MS:
The characters do double as their foil. The Scottish Squire is also the English King Edward (who has previously had him gutted and burned). The Scottish Woman-King Annathema is also the elegantly male French Diplomat Duval. The world is atomistic, mutable, in flux. Physical matter is made up of divisible particles. That’s profoundly funny. We’re barely here at all; we’re composites.

AK:
Ok…this is tip-toeing in gender issues…but it’s a fascination of mine: Your protagonist, Annathema, is called a woman-king as opposed to a queen. Do you think women have to shed the feminine and/or adopt the masculine in order to be warriors in our world? You cite Joan of Arc (and Hillary Clinton comes to my mind) – women who become manly in order to take charge. In your opinion, is this kind of drag funny, scary, or simply necessary?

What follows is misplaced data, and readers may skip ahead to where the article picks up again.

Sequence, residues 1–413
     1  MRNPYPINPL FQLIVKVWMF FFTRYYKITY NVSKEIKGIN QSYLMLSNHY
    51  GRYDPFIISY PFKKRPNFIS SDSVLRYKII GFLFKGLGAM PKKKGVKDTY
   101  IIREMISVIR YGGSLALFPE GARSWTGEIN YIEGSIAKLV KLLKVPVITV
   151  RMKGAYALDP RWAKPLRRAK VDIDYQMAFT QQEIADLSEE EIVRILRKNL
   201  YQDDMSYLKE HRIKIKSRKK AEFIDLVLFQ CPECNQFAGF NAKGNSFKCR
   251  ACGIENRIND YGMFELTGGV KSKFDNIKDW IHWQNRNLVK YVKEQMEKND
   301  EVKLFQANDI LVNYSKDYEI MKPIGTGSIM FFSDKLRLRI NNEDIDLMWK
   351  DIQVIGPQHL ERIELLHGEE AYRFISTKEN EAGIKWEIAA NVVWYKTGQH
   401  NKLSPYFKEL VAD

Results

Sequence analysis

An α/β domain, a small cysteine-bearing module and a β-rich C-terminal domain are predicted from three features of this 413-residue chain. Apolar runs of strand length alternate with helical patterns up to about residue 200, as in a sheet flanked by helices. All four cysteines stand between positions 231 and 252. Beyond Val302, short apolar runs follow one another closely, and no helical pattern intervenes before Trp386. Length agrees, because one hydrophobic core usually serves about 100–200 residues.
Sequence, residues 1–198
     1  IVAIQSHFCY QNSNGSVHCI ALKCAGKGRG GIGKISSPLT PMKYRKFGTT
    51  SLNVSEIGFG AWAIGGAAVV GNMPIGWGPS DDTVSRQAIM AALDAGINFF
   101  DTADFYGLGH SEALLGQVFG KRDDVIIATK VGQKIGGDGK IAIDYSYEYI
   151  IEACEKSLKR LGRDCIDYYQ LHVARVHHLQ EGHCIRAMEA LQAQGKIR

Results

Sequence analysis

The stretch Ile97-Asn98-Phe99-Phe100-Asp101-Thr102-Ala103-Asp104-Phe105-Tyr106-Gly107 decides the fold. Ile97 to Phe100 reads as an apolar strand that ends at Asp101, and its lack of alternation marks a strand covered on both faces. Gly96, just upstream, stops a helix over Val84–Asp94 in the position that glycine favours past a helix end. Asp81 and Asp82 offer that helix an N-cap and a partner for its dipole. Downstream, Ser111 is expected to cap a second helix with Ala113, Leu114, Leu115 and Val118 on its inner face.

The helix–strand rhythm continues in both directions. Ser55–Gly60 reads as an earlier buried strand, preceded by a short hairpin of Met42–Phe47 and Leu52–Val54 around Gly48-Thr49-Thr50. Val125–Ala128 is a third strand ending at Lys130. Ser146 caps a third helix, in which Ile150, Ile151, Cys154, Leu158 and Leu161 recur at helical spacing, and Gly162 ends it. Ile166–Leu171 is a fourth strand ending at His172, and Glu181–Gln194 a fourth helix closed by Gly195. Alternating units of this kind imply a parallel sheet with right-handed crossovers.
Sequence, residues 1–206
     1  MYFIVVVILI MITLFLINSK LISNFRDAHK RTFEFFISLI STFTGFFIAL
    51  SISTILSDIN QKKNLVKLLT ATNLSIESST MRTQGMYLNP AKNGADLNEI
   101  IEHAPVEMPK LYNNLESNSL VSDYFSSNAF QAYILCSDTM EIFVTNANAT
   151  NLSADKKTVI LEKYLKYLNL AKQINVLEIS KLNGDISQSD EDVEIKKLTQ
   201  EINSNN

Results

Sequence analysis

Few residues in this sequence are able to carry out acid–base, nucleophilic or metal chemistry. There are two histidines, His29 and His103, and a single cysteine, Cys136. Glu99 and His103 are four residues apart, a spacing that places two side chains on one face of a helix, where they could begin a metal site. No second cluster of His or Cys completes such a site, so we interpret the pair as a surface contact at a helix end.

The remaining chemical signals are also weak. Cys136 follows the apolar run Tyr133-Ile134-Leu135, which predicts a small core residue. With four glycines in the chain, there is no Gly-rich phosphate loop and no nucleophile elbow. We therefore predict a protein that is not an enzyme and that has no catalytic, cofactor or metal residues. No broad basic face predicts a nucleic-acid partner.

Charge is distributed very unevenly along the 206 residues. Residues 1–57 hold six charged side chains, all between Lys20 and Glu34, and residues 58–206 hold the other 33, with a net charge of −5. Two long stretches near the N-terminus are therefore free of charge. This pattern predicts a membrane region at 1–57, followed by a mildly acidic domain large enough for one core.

MS:
I don’t know if, in the real world, women must become masculine to participate. It’s a difficult issue – in life. In everything I write, I think, I’m having to put my female characters into male disguises somehow so that they can participate in history, in politics; so they can bloody well leave the house. What that says about life, I’m not sure. It’s more likely a reflection of my own timidity, and a writer’s addiction to silence. Cross-dressing is also, though, a traditional aspect of comedy. Which is very interesting… that comedy unseats us from gender’s high horse.

AK:
Can you brag about some of the artists involved with Flux? Pick favourites even.

MS:
This cast is gorgeous, funny, talented, talented, talented. They are generous, imaginative, courageous, disciplined artists.

AK:
Everyone is looking for the “Song of the Summer 2008”. What lyric from Flux would you dream to hear from car radios and club speakers this August? If it’s different, what is your absolute favourite lyric in Flux?

MS: